The aim of the study was to evaluate the contingent of patients who underwent a reoperation, the surgery profile their caus al factors, risks, the avoidance possibilities, and to compare the repeat surgery assessments made by surgeons and experts. Material and methods. From January 2000 to December 2014 a survey was carried out in Klaipeda University Hospital. The study included 757 inpatients, who underwent a reoperation. The data was collected via adverse event (reoperation) reporting forms. The findings of surgeons and experts estimations of reoperations according to surgery profile, patients’ age and gender during the periods of 2000-2004, 2005-2009 and 2010-2014 were analized and compared. Results. The research showed that reoperation was carried out on 0.31% of the surgery patients. More than one quarter (27.7%) of all adverse events were repeat surgery (reoperations). The greatest number of reoperations was abdominal and endocrine profile surgery (58.8%) of the average risk (51.7%). Many patients (39.8%) who underwent a reoperation had oncology diseases, part (11.2%) of them had links with infection. The main cause of repeat surgery was individual characteristics of patients (85.3% by surgeons’ and 89.6% by experts’ assessments). Most of reoperations (60.2% in surgeons’ and 66.7% experts’ opinion) were totally or partly avoidable.Conclusions. The main repeat surgery indicators – causes, degree of risk, the period of time between operation and reoperation – assessment of surgeons and experts were similar in the analysed periods. The part of repeat surgery in a high operation activity Klaipeda University Hospital with a large multi-profile developed infrastructure, providing the around the clock emergency medical care, was small and relatively stable. The main reason of reoperations was patients’ individual characteristics. The part (two- fifth) of the patients had oncology diseases, one of six reoperations had links with infection. The increase of the operational activity, the number of operations, and the operations complexity results in the increase of the repeat surgery and risk degree. The majority (two- thirds) of the reoperations could have been avoided with the application of multivalent prevention measures.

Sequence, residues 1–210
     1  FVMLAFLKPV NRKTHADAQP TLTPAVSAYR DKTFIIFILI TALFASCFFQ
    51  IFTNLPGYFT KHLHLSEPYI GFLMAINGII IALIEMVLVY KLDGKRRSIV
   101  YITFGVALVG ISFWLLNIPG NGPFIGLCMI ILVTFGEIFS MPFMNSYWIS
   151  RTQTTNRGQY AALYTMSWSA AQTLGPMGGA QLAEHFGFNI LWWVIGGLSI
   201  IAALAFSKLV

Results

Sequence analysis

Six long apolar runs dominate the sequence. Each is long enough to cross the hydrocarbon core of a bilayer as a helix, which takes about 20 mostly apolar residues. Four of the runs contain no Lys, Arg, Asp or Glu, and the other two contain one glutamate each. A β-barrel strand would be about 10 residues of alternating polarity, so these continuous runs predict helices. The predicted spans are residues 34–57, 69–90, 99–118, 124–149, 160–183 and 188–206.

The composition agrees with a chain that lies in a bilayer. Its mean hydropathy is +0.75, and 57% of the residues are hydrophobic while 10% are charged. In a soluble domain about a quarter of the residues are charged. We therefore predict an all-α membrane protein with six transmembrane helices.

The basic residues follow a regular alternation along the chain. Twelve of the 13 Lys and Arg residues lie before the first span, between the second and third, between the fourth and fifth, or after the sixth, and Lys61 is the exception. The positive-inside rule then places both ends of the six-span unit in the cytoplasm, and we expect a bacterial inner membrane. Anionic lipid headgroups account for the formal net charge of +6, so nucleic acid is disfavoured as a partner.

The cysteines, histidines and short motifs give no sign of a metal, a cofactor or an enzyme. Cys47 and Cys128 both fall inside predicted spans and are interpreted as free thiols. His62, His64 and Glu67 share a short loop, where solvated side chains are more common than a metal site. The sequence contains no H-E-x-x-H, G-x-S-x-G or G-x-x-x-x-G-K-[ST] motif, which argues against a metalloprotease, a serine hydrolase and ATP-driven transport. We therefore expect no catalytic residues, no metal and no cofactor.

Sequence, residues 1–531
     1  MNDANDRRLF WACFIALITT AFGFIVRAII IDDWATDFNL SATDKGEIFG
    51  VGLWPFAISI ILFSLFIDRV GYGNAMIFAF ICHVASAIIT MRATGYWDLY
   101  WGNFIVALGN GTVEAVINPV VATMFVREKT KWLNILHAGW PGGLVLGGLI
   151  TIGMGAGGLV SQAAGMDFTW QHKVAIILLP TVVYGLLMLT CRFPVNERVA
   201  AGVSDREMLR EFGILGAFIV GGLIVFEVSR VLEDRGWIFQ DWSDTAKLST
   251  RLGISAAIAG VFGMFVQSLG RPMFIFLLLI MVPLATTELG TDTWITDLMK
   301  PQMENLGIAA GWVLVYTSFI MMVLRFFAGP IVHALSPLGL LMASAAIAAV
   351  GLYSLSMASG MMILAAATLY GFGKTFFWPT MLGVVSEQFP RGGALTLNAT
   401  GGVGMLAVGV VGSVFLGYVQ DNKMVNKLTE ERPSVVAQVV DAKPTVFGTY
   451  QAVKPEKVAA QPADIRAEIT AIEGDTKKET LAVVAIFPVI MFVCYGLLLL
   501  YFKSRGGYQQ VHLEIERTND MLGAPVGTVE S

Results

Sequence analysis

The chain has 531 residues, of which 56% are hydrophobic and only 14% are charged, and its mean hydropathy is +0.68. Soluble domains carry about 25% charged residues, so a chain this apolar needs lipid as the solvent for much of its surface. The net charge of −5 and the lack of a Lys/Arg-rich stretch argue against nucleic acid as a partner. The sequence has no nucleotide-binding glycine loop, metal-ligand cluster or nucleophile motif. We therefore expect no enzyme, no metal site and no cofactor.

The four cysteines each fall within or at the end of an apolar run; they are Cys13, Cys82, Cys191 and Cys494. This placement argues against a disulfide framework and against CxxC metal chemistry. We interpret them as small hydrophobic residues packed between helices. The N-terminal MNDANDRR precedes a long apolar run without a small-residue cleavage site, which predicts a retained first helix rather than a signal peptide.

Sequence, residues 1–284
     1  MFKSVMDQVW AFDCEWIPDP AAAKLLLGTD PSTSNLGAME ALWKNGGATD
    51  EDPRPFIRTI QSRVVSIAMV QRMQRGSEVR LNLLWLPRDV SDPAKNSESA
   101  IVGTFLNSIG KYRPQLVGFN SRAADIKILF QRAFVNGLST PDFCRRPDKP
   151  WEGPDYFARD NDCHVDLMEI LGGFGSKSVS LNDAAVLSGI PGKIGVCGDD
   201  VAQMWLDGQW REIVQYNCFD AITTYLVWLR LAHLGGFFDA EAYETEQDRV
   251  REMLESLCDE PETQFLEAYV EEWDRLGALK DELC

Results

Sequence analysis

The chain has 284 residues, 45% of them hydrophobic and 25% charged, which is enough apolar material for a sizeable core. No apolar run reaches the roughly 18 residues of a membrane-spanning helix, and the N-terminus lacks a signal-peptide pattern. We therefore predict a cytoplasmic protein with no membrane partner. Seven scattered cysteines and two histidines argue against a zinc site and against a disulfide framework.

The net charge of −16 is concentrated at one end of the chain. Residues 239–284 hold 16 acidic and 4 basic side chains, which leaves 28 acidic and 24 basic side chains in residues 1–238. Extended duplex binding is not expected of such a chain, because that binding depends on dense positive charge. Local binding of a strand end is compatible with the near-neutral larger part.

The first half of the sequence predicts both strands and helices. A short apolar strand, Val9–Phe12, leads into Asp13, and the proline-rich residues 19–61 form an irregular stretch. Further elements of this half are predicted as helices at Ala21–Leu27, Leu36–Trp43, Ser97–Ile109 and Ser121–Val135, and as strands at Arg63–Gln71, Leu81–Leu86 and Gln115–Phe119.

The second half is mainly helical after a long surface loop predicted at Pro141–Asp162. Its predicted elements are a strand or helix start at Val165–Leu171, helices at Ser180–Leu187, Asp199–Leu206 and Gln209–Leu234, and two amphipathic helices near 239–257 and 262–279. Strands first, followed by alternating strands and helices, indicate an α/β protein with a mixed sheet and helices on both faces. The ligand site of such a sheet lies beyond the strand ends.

Keyword(s): repeat surgery; health care quality; adverse events.
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